Don’t touch (or tell me what to do with) my hair.

Twitter is slowly becoming my least favourite social media platform. It has its perks but also many flaws; a major one being that everyone feels the need to comment on any and everything; including things that don’t concern them.

I’ve noticed recently that a popular topic of discussion is Black women’s hair. Black women seem to be condemned whatever style they choose. Their unpermed edges are laughed at as loudly as a lace front wig on another.

In my opinion, no one but the individual Black woman should decide how she styles her hair. Whether that be a natural style, chemically processed, a  wig or hair extensions. Twitter, however, doesn’t agree.

Black women who use relaxers or hair extensions are shamed and perceived as wanting to have hair that resembles white European hair and are constantly ridiculed through memes and ‘jokes’.

Why does it matter how a Black woman chooses to style her hair? The accusations of self-hate are unfounded and take away the choice from the individual. Someone has just as much right to choose to chemically process their hair or wear weaves as much as someone has the right to choose to wear their hair in its natural glory.

No pun intended but not everything is as black and white as people make it seem. There are an array of reasons why people choose to style their hair in the ways that they do; none of these reasons, however, are anybody’s business but that of the specific individual and their hair stylist.

Everyone wants to be ‘woke’ and this has become synonymous in some cases with seeing racism and social conditioning in everything.

I must stress that I am not at all disregarding that Black hairstyles are still used to discriminate in schools and the workplace and that the mainstream media continue to promote White beauty standards that exclude afro hair.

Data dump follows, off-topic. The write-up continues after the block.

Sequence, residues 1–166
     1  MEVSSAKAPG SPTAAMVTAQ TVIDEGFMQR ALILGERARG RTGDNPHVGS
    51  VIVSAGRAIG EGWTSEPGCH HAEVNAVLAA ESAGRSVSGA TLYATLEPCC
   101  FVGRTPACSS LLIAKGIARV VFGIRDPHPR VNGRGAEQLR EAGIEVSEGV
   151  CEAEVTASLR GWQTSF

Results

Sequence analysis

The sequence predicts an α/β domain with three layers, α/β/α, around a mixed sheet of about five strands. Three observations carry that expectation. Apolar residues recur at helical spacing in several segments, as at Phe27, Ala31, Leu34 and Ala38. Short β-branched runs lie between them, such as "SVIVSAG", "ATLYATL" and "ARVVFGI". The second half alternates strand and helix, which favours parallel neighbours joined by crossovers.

What I am arguing, however, is that preferring to wear a straight style lace front wig, weave or relaxed hair to an afro style or braids is not always self-hatred or internalised Eurocentric beauty standards as Twitter users often suggest. Perhaps people have individual preferences that are based on their own preferred aesthetics. Not everyone has been brainwashed by the media into hating their natural beauty.


To use a real life example: Why is Beyoncé seen as wanting to ‘deny (her) heritage’ by having straight blonde hair but White celebrities like Kylie Jenner and Lady Gaga who wear wigs are viewed as just experimenting with ‘a wide range of colours and styles’?

Why can’t Beyoncé be doing the same?

Both women are hiding their natural hair and natural hair colour. But why is one viewed as self-hating but the other is not?


I don’t agree that all black women who choose wigs and weaves do so out of internalised racism but I do argue that the double standard of black women being condemned for wigs, weaves and hair extensions but the same fashion accepted among other ethnicities and races is definitely racist and unfair.

Just because some Black women change their hair out of a desire to conform to White beauty standards or to not face discrimination, it does not mean that this is the reason for all.

We need to allow women to wear their hair however they want and stop making assumptions about an individual’s internalised values and ethnic identity based on how they style a protein that grows from their scalp.


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